Even an old but precise calibrated optical theodolite is surprisingly effective and accurate in “last mile” levelling and tacheometry on summits where there is a dense tree canopy. Small tors, frost cliffs, nodes of rock, knolls are covered by it and the trig point is not at the highest position. The height difference could be even clearly visible (often in the order of meters). Except in special cases, the precision of my differential level measurements is mostly in tens of millimetres. Sometimes, not very often, I help to update maps. I enjoy it.
Would it be useful to you?
The question is: Would it be useful to you?
If you can provide compelling evidence that a summit belongs in the program, then the MT will include it. They cannot measure the summits for you.
73 de OE6FEG
But what is the compelling evidence? Is my measurement acceptable to be included?
If you are serious then contact the MT via the contact MT link and we can discuss what you can do.
What is needed is a staff and level traverse from the col to the summit and back with reasonably small closure error. This is the old but effective way to do it when tree cover is a problem.
You are right, but that’s not the case. I will send it to MT via email.
Pictures are better than words.
Look at the topographic map of Bohdalec summit, which is also being used in digital cartography, the value 790.6 metres above sea level was believed to be Bohdalec’s altitude:
And now at the tourist map: 791 metres asl mentioned before. Updated by me, the same region:
The basic “surveying route”:
Beginning of the arrow: Trig point, 790.6 metres above sea level. It is considered to be about +/- 200 mm (WGS84)
End of arrow: Frost cliff, the top of which is elevated 10.5 metres above trig point (based on my measurement).
Updated Bohdalec’s altitude: 801.1 metres above sea level
You are a bit short on detail, Karel. What are you measuring and how are you doing it? I note from your topo map that the trig point is offset from the high point, so does the spot height on the map refer to the trig point or the offset summit? Does your “frost cliff” (which term is unfamiliar to me but my conjecture is that it is what we would describe as a “tor”) correspond to the offset summit on the map or is it a different feature? Do you have a line of sight through the trees or are you using change points? Have you also checked the altitude of the critical col?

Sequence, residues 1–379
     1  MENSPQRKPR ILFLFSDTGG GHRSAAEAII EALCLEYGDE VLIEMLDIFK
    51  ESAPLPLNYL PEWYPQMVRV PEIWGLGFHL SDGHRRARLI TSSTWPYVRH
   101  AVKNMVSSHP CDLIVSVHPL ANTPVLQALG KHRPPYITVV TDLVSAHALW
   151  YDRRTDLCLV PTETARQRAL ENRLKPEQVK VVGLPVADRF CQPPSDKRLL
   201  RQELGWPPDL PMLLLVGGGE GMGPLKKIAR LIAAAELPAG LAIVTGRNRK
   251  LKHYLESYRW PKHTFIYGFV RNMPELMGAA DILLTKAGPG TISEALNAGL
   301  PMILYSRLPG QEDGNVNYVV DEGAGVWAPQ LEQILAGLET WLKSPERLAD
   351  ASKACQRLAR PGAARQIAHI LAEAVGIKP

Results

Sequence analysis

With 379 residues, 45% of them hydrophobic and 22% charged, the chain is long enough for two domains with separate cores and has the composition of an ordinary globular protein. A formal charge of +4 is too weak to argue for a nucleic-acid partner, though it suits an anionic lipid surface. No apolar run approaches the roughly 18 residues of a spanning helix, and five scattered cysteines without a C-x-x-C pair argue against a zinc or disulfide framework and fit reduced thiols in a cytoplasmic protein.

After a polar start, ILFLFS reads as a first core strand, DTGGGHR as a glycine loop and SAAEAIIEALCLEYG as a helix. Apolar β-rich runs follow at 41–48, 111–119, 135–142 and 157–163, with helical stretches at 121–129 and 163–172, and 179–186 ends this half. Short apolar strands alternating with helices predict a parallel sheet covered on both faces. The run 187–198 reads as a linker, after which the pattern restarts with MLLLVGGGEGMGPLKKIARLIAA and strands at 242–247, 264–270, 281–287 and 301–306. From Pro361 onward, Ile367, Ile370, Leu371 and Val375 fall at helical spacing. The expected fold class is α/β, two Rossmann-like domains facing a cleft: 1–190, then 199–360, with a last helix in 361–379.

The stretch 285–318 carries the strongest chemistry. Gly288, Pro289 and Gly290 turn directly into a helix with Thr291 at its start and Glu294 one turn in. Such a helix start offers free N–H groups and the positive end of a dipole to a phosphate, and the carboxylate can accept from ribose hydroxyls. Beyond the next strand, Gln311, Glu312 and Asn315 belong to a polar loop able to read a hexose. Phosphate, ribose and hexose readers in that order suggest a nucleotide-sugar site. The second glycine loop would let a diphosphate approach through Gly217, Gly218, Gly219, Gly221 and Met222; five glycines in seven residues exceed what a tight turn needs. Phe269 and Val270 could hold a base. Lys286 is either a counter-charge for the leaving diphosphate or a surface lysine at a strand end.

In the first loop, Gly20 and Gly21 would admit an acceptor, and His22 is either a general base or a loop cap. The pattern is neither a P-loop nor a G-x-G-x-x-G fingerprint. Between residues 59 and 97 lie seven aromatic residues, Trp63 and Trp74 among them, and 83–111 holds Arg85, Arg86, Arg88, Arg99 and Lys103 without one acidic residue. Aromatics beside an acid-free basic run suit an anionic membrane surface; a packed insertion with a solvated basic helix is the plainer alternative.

The topo map is real in details and on the whole. The spot height on the topo map refers to the trig point. Bohdalec’s tor is offset (see scale on the picture below) from the spotted high point and trig point as well. I was aiming from trig point through tree branches being out of focus.
- Surveyor’s steel band measuring tape (as it is no fun to use a total station)
Even if Bohdalec is a few metres higher than was previously thought, nearby Kopeček (former OK/VY-004) is still higher at 821m and there appears to be nothing like 150m drop between the two. Even Kopeček doesn’t have 150m prominence, so measuring Bohdalec to great precision seems a bit futile.
Martyn has beaten me to it!
According to the ČÚZK 1:10k map the col to OK/VY-059, approximately 2.8-km south, is just below 708m. So even if we were to accept your revision to the summit elevation this would still be lacking in P by nearly 57m.
The parent summit is OK/VY-001, Devět skal, with ČÚZK spot height of 836.3 m.
I know it.
It was only an example to demonstrate the problem.
This is my question: Would you include my non-authorized measurement described above? If P was say 140 metres before? Or 141 metres?
Nope. The key was to know that Bohdalec’s altitude is greater than 800 metres. This has nothing to do with SOTA.
Fair enough. Some other sources would appear to agree with you on that. I presume your vertical datum is Baltic 1977, yes?
I think 1957.
And what about my question above?..
That’s for the MT to answer, not me.
This is not entirely true. But I understand.
The MT strives for a summit definition clearness. 3D laser scanning and the latest long-range LIDAR and machine learning is not omnipotent and sometimes you can work with the nearest trig point altitude primarily. Somewhat eccentrically, this is the right word, there is no trig on hilltop, insomuch as and first of all, a trig point should be stable and deeply anchored.
In these cases, the inaccuracy of the summit’s P value could be really significant.
And the MT have never disputed that. I’m sure a few emails will be all it takes to establish mutually satisfactory terms for the revision of summits. Certainly, as far as my experience on this reflector goes, the MT seems to actively encourage anyone with the right tools to collect the necessary evidence and make their case. The summits list is not set in stone, and anyone who reads the quarterly news will know that it is updated regularly as new evidence is submitted.
73 de Matt
And what now, from a practical point of view? Would you include my non-authorized measurement described above?